Man, oh man, young lady we have the Prince of Fire and he's come all the way from Constantinople to set himself ablaze for you. He eats brimstone for his breakfast and leaves the privy vulcanized. Inside, outside, the fire makes no nevermind to this boy. Step on in and he'll show you who's hot. Go on, now, go!

Oh, I know what you're thinkin' He don't have a beautiful woman and a snake, does he? A boa snake from the Orinoco? Who don't? Not me! I do! Go and see it before it squeezes that little woman tighter than you would if you got the chance. You know, I might get a little tight myself later. It's hot in the sun. Get inside for your complexions ladies. Go!

Will you come with me to Africa? Will you come with me to Africa!? Oh, they live closer to nature there than anywhere on God's green, don't you think so? They've made themselves into giraffes and they have their dinner plate with them always, but they forgot to go to the dressmaker's if you take my meaning, sir.

We've got monstrosities. Curiosities. Hell, we've got atrocities. Push on in, ladies and gents, and leave me alone out here to wish I knew what was going on in there. Move it on over.

Sunday, August 09, 2009

Antigonish, Lumber Or Fish

My people came to Boston from Nova Scotia, and some live up there still. My lovely cousin's children play Celtic tunes, and I wish I had a video of them to put up here. I hear tell they're pretty good. They played at the White House.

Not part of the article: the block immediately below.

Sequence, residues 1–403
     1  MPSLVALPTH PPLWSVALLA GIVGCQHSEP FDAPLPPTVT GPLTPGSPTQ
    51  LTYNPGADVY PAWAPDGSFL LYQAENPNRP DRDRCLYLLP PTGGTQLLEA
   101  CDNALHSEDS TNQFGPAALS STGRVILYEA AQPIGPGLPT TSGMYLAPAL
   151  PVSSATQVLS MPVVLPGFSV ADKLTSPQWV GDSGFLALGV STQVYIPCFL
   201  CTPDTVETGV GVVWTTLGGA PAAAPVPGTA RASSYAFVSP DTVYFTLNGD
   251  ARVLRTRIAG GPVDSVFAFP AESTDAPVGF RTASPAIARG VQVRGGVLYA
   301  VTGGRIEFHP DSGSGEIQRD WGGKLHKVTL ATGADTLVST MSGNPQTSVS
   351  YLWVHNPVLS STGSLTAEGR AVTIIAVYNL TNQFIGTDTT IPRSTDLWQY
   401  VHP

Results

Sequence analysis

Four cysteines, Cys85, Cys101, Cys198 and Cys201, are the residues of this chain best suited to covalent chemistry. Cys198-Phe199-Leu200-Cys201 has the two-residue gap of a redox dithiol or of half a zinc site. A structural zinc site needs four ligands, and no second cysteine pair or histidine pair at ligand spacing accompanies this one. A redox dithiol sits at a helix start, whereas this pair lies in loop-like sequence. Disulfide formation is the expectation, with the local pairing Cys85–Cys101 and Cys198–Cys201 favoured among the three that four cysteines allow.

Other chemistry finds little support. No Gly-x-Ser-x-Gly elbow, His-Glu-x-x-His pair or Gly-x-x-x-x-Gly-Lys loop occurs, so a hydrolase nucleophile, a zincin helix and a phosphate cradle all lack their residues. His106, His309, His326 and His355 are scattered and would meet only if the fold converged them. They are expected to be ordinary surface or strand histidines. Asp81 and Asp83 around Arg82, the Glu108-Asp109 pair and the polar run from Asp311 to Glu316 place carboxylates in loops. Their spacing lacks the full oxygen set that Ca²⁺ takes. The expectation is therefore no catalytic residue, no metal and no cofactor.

Well, the Boston Kiltics will have to do. They do pretty well in their own stead, I'd say. They're from Boston and Nova Scotia too. Cead mile failte to my regular readers, and Happy Sunday.

Saturday, August 08, 2009

More Movie Maven Mashup

Ran this one a few years ago, but can't find it or remember when. Ah well, it won't hurt you to hear The Cornelius Brothers and Sister Rose one more time. Put the top down.

Friday, August 07, 2009

Whose House? Part The Fifteenth - The Most Important Building In American History

No, I'm not exaggerating. Heaven forfend I do that on a blog, anyway. It would be, like, the first time that ever happened, and I'd spoil the Intertunnel for everyone.

This building is so wondrous, I'll accept four different answers for who lived and/or worked here. If you don't know who at least three of them were, your license to cruise the Intarnets is hereby revoked. You will receive a library card and a block of government cheese in its stead.

[Click on the pic to embiggen it]

If Google Street View is to be believed, it's a fargin' Starbucks now. I'm going to go hang myself from the shower curtain rod now.

Wednesday, August 05, 2009

Coal Breaker


The great man's house. The daughters of the men who cracked his anthracite cracked oysters for him in there. The girls would come home and say they had a place in the great man's house and would rub shoulders with quality, pa. The fathers knew him, though. A werewolf. A vampire. They would sit with their black faces and their watery eyes at the kitchen table and knew what it meant to turn your bairns over to such men. They'd say nothing because there was nothing to say.